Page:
Tumult in Asia, African Healthcare, Healthy Diets and Depression
Top of Mind with Julie Rose - Radio Archive, Episode 509
- Mar 14, 2017 11:00 pm
- 1:41:54 mins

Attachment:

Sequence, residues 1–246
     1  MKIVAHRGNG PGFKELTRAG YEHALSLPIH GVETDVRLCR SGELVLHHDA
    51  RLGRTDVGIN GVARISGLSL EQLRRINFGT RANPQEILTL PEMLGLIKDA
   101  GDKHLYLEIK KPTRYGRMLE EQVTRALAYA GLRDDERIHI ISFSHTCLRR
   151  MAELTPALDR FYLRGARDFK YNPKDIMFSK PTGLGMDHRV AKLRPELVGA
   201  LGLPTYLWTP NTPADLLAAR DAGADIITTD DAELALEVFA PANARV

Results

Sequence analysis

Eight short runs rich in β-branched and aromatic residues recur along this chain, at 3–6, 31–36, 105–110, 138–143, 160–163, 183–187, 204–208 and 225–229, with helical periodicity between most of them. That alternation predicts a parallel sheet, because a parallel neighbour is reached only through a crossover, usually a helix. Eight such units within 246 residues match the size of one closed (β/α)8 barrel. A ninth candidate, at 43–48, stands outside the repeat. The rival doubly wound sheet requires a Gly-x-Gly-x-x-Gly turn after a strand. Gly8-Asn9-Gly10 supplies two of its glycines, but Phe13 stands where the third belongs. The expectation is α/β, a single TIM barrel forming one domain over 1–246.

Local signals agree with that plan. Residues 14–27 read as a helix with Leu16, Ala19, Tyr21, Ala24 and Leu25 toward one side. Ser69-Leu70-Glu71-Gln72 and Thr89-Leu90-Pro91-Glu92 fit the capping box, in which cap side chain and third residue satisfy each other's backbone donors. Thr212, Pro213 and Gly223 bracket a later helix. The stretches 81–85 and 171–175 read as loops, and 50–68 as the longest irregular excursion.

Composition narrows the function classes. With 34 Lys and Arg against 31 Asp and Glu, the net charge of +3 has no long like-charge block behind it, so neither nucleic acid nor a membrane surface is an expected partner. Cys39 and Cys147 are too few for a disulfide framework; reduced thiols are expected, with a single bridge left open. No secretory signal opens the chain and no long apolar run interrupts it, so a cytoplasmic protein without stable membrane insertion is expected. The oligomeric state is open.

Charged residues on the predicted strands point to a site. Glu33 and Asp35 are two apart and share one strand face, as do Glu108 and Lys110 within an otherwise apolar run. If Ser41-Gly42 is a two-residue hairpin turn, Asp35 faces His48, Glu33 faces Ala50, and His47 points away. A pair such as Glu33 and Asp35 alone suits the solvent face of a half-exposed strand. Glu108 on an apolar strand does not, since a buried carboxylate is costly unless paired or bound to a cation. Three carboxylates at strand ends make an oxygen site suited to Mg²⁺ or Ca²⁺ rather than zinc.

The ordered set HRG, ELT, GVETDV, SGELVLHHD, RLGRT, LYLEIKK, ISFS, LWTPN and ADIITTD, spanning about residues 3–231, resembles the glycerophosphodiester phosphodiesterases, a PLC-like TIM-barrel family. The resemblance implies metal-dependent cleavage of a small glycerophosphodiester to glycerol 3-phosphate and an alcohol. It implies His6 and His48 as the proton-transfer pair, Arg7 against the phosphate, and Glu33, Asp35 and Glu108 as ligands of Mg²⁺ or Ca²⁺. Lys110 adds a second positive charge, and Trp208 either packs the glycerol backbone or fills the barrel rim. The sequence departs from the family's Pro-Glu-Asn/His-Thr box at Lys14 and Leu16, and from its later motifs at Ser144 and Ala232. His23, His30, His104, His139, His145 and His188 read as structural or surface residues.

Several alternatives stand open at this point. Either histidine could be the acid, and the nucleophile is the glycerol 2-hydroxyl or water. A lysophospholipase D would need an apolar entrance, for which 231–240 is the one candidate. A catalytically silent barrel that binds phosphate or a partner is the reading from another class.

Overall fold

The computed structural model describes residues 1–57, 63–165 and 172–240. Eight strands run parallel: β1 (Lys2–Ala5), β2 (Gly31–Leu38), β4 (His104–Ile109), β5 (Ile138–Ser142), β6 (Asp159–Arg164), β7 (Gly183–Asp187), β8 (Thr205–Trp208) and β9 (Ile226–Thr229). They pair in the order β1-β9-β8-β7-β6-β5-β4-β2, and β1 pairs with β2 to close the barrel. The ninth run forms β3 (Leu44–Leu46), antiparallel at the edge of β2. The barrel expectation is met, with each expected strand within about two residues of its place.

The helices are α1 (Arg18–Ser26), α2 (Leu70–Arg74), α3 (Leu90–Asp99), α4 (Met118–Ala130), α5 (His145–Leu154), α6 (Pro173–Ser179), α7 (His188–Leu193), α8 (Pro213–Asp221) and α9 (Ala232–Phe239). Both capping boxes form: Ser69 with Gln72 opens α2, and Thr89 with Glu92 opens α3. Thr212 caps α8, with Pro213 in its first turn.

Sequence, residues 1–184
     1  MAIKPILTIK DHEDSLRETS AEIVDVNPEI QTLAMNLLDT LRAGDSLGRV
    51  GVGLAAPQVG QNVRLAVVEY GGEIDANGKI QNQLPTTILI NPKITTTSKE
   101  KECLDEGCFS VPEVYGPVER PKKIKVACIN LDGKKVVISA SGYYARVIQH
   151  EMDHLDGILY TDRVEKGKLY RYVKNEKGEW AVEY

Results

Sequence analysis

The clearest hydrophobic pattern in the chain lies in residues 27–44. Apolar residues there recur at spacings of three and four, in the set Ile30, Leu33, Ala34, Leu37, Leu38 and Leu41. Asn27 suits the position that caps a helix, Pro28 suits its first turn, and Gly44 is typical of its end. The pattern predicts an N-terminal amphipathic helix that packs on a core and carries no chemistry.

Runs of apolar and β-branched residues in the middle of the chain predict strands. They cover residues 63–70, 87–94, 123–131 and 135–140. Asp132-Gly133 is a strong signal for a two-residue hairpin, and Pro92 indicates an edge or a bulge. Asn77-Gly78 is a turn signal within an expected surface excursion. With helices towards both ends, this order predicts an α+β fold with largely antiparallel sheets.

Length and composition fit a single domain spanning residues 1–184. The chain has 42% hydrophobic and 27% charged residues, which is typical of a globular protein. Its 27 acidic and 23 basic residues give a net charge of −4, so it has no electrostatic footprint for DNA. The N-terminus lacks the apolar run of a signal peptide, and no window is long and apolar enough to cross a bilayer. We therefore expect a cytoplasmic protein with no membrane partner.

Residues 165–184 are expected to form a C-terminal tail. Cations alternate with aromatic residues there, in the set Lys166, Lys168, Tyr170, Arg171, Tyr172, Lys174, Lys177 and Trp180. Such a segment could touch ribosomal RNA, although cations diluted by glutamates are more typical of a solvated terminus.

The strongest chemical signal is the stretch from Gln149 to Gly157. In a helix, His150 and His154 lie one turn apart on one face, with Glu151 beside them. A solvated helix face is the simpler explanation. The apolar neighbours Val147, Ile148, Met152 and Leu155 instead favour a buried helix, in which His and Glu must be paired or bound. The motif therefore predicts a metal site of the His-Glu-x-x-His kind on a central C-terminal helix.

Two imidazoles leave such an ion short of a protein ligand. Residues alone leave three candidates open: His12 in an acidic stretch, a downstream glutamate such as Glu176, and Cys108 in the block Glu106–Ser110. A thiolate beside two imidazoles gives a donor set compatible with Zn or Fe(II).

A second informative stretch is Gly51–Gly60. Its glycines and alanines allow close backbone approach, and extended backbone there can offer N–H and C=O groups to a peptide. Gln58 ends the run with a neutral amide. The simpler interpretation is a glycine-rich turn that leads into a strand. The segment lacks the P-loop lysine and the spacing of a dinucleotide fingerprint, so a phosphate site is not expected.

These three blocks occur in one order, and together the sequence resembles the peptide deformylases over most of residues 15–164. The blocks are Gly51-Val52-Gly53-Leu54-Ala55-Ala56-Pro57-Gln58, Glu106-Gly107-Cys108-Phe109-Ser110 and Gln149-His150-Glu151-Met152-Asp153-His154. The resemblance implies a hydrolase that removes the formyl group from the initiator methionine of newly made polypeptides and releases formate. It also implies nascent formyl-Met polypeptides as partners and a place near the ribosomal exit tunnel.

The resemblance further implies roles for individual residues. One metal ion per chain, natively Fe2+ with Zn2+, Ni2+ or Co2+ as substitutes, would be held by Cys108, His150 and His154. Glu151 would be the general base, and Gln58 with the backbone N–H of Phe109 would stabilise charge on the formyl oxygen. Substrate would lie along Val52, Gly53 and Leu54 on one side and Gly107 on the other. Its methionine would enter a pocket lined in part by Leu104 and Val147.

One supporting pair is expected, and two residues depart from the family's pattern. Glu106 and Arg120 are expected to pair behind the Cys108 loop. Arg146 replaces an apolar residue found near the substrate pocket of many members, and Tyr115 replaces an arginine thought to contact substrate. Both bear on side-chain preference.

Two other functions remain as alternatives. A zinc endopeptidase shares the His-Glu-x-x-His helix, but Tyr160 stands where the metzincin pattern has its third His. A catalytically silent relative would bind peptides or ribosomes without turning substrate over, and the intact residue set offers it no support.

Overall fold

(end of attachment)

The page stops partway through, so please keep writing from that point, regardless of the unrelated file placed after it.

Tumult in Asia Guest: Kirk Larsen, PhD, History Professor, BYU; Mark Peterson, PhD, Professor of Korean Language and Culture, BYU Secretary of State Rex Tillerson is headed to China, South Korea and Japan for his first official trip to the region. It’ll take extra diplomacy on his part, coming at a time when South Korea’s president has just been ousted and the likely replacement doesn’t agree with many US policies in the region. Add to that North Korea’s escalating provocation, including numerous recent missile tests that have other countries in the region on edge. And China is particularly peeved right now that the US has begun installing an anti-missile system in South Korea, which is supposed to prevent against a North Korean nuclear attack, but which China sees as a threat to its dominance in the region. Experiments in African Healthcare Guest: Dan Posner, PhD, Professor of International Development, UCLA About 10 years ago, a study of health clinics in Uganda caused a big stir in the global development world. The researchers claimed that without spending any additional money on supplies or staff, they were able to cause dramatic – really dramatic – improvement in health outcomes. All they did was organize meetings between the health clinic workers and residents of the rural communities where they operated. So basically, people talked and held each other to account and maternal health improved, babies lived longer – the list goes on. Development experts were thrilled at the possibilities. And governments in developing countries were excited, too, because if they could get much better health outcomes without spending any extra money – well that’s brilliant, right? Healthy Diet Helps with Depression Guest: Felice Jacka, PhD, Professor of Nutritional and Epidemiological Psychiatry, Deakin University When we’re feeling anxious or sad, we feel it in our gut – we say, “I have butterflies in my stomach” or “I’m feeling sick to my stomach.” But the relationship between your brain and your belly goes both ways. A growing body of research suggests the health of your gut – especially the bacteria in your gut – affects your mental health. Virtual Reality for Engineers Guest: John Salmon, Assistant Professor of Mechanical Engineering, BYU Virtual reality has become so accessible – and so advanced – that it’s not just for gamers anymore. Aerospace giant Lockheed Martin is using it to train technicians more efficiently and effectively. BYU received a grant to help develop the system. Predicting Who Will Sing or Swim in College Guest: Charles Thornburgh, Founder and CEO of Civitas Learning Less than half of the nation’s college students graduate in four years, and even adding two more years to get the job done only increases the graduation rate to about 60%. So, colleges try to predict which students are going to struggle and funnel them into extra coaching and support services. Except that crystal balls don’t come standard in the offices of college advisement counselors, and it turns out that just looking at a student’s GPA (as many colleges do) is not a good predictor of who will make it to graduation and who won’t. Using Facebook to Discover the Real You Guest: Michal Kosinski, PhD, Assistant Professor of Organizational Behavior, Stanford University When you’re scrolling your Facebook feed and casually clicking “like” on posts, you’re leaving digital tracks – footprints, as our next guest calls them. And while you may think you’re not revealing anything intimate about yourself, researchers have found that with the right computer algorithm, they can paint a picture of your personality, interests and political views that’s more accurate than your close friends could paint – and in some cases even more accurate than you could describe yourself.